Before I was one year old my father was murdered in cold blood, for the gospel’s sake; so I have never known the great blessing of a father, but my good mother acted as both father and mother, and through the pure and wholesome example and teachings of her life I have been able to shun many of the ills and temptations incident to mortal life. Her teachings made me know that she would rather I would come home with a limb severed from my body than with a stain upon my honor or virtue. Such training has enabled me to resist many temptations and avoid many of the vices which beset one in this life. I was taught also to believe implicitly in a personal God, and in a personal Redeemer—His son. In fact these Heavenly Beings were so real to me that I could, with faith and confidence, approach the Father in prayer in the name of His Son, Jesus Christ, with the assurance that the prayer of faith would be heard and answered. During my many years of mortal life I have experienced many immediate answers to my prayers. My opportunities for schooling were meager indeed; most of the education I have acquired has come through practical experience. At the age of twelve years I moved with my mother to the 17th Ward, Salt Lake City, where I attended church and Sunday School, and acted as a Ward Teacher, etc. Under the Bishopric of John Henry Smith and John Tingey, I assisted in establishing the Young Men’s Mutual Improvement in the Church, and presided over the first association organized in the 17th Ward. I was also a member and treasurer of the Central Committee which was established to formulate methods, etc. for the local organization of the M.I.A. of the Church. At sixteen years of age, I was employed in the 13th Ward, Coop. Store, under the superintendency of James F. Freeze. Here I continued my service until I was nineteen years old. While in this service I was called on a mission to the United States. This call came during the October General Conference, 1875. November 1 of this same year I started for my mission headquarters in St. Louis, Missouri. Here I, with several other young elders were “mothered” by Sister Sarah Kershaw, and were treated with the treatest kindness and consideration. During my brief mission in Missouri and Illinois I made many friends and we brought some people into the Church, notwithstanding there was much prejudice and slight interest in general in our message.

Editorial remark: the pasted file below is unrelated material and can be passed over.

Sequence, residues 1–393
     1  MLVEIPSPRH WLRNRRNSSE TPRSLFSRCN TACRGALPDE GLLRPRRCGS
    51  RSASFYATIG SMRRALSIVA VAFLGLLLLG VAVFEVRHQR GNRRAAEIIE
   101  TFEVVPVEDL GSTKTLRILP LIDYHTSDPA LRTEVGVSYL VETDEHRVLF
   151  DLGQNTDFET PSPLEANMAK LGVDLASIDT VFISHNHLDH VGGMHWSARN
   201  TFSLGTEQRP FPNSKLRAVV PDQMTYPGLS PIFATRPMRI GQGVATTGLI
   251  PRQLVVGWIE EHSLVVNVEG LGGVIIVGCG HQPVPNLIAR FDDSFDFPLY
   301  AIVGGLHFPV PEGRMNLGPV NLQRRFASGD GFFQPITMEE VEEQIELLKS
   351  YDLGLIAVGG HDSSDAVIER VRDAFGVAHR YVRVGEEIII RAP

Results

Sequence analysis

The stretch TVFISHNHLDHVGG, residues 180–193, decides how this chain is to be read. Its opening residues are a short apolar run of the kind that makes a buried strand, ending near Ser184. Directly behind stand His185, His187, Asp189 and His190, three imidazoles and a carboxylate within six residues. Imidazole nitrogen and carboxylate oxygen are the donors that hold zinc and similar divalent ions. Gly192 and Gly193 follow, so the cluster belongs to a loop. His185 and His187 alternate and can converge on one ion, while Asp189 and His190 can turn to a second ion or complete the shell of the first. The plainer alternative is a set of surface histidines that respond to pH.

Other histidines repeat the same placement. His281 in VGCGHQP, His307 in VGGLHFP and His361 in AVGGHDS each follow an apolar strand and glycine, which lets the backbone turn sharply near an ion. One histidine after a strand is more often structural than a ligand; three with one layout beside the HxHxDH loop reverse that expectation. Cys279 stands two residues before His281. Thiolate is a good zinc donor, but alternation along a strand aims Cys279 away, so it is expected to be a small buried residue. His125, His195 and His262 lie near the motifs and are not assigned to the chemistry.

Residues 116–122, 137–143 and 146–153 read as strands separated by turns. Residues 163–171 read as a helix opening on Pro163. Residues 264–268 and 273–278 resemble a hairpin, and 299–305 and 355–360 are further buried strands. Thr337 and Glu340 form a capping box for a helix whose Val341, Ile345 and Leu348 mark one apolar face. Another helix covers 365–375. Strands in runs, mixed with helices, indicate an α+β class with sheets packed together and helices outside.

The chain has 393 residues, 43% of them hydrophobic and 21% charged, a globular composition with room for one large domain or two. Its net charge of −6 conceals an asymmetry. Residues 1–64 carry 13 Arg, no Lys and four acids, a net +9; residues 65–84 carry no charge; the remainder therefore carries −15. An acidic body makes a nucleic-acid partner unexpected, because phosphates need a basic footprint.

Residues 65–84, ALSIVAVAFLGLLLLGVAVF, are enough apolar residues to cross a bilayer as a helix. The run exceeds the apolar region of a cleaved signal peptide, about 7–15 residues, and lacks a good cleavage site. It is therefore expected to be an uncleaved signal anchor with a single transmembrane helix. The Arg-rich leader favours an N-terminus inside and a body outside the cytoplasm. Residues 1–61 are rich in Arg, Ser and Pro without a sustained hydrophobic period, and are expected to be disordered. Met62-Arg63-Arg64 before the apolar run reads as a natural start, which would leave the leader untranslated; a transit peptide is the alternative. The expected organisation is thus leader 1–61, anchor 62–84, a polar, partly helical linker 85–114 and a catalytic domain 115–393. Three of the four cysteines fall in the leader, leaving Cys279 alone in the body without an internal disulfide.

In July, 1876, in company with our mission president, David M. Stewart, of Ogden, Utah, I took steamer up the Mississippi River to Keokuk, then took rail to Montrose. I rowed a boat one and a quarter miles across the Mississippi River to the City of Nauvoo, Ill. Here we spent two days, slept in a bed prepared by Emma Hale Smith, and partook of a meal prepared by her in the Nauvoo House. Emma Hale Smith was the first wife of the Prophet Joseph Smith—who was then the wife of a Mr. Bedeman. Here we held two meetings—the first there by L.D.S. people since they were driven from Illinois.